“I find and conclude that the Fifth Amendment is not implicated by requiring production of the unencrypted contents of the Toshiba Satellite M305 laptop computer,” Judge Robert Blackburn wrote in his decision.
Ramona Camelia Fricosu and her husband, Scott Anthony Whatcott, were indicted last year for preying on people in the Colorado Springs area who were about to lose their homes to foreclosure.
In the course of the investigation, the FBI executed search warrants on Fricosu’s home and seized her Toshiba Satellite M305 laptop, among other devices. Upon inspection, however, they discovered that the device was encrypted, barring the agents access to its contents.
Fricosu has refused to provide the password to her computer, asserting her privilege against self-incrimination under the Fifth Amendment.
In reaching his decision, Judge Blackburn referenced the case of Sebastien Boucher, who was arrested in December 2006 when he and his father tried to cross the Canadian border into Vermont. Border officials found child porn on his computer and confiscated the device, but when they tried to access it later, it was password-protected. By December 2007, a Vermont federal judge ruled that Boucher could not be forced to reveal his computer password and incriminate himself.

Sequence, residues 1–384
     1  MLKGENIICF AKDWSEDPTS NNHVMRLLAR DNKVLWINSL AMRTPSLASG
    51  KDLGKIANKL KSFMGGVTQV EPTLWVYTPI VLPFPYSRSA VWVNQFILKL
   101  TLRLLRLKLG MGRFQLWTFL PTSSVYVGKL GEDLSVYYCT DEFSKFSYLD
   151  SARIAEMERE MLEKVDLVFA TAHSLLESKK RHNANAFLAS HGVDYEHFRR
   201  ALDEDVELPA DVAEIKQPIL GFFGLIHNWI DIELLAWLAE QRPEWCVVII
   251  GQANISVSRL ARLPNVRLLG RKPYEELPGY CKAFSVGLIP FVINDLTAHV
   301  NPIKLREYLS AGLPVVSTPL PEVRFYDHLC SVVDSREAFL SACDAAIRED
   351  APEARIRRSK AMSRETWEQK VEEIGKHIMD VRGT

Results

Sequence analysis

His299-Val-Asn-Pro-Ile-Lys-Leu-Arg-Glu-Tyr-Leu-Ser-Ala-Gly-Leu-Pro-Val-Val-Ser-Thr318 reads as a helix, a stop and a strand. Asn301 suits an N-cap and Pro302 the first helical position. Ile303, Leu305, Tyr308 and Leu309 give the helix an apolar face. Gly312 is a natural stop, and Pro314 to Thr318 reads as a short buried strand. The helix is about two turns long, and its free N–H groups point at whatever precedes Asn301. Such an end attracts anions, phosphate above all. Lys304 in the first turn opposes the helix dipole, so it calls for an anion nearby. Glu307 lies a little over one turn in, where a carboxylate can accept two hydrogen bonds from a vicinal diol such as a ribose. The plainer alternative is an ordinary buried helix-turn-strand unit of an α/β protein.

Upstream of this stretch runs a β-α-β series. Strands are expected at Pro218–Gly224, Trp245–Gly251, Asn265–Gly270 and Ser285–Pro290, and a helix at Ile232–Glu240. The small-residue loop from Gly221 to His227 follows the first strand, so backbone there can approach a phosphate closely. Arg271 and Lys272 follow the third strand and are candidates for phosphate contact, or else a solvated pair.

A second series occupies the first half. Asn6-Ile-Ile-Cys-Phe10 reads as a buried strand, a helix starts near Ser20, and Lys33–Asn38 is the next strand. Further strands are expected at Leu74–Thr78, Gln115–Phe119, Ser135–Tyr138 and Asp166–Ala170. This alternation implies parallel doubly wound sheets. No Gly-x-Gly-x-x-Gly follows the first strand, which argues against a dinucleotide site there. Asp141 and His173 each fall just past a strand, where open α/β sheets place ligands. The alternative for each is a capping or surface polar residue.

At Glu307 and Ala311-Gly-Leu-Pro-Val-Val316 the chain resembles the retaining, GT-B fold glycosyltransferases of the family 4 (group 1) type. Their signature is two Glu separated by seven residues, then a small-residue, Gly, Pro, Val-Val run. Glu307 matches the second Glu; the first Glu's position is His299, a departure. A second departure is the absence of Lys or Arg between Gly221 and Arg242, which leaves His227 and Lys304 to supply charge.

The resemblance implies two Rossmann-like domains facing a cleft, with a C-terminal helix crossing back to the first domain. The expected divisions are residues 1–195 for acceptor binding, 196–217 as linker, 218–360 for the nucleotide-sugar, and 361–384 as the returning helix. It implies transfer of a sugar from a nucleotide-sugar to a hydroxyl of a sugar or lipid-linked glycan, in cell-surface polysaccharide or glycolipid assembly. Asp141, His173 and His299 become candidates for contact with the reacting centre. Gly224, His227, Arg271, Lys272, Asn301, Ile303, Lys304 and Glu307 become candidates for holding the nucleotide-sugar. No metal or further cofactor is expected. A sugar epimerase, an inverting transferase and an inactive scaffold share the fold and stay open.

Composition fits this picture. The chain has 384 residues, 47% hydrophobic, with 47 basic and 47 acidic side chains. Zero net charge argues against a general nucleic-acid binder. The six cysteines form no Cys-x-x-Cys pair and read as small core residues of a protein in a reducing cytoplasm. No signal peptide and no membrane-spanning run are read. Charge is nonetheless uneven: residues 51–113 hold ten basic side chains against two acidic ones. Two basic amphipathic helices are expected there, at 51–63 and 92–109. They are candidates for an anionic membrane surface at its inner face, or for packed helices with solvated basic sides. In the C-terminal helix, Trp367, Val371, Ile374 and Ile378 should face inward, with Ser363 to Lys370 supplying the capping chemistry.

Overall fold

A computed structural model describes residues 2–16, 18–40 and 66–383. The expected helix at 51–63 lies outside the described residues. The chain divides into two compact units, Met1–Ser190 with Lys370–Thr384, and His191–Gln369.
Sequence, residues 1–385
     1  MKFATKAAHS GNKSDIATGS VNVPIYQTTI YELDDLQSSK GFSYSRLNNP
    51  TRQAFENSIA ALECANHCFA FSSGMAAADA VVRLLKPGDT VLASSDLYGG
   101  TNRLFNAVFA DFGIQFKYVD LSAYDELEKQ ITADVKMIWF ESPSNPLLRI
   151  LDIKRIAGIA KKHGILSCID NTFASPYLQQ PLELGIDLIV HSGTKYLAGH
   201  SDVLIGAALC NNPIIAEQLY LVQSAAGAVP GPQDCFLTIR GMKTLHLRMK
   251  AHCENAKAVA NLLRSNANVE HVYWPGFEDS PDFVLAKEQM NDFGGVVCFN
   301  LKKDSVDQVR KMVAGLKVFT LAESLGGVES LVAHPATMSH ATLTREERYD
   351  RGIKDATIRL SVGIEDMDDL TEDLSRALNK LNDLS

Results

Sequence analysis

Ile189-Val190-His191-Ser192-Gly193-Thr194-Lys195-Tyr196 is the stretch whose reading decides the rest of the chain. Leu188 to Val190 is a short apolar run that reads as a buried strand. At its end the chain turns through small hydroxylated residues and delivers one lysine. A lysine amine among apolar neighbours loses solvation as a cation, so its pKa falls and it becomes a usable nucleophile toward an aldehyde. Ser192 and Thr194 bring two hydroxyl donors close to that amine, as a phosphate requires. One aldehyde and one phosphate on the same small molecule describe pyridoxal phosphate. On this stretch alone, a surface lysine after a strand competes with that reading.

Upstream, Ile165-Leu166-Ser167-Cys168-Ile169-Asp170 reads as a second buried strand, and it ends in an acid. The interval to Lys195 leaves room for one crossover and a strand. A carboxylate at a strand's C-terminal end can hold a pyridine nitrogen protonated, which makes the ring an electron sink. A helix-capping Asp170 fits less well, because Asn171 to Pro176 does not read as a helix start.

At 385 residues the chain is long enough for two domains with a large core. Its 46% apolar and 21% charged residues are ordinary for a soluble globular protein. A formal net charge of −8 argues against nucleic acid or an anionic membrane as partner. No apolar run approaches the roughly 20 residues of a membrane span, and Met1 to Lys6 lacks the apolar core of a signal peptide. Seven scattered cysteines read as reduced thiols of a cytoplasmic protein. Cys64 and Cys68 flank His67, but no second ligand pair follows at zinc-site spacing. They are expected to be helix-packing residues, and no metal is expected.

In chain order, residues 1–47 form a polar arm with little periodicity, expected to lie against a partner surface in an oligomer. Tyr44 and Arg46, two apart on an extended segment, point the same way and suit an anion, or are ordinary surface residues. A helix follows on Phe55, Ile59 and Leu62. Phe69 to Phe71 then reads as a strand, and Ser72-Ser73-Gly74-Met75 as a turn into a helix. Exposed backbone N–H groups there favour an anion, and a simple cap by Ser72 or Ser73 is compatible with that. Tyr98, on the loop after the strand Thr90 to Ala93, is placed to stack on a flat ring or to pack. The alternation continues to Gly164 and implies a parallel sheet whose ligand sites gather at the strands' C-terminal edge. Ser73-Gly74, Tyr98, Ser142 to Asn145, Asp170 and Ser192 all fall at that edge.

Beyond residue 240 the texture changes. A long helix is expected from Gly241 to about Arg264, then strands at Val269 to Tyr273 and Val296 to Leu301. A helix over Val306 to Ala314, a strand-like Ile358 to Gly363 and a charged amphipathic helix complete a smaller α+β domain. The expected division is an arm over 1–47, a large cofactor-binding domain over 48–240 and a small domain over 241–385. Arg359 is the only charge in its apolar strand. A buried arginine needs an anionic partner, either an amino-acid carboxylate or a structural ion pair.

On appeal, however, a grand jury required Boucher to produce a decrypted version of his hard drive, not the password. With this workaround, constitutional rights are not violated, the jury found, because the contents of the device “are a foregone conclusion.” More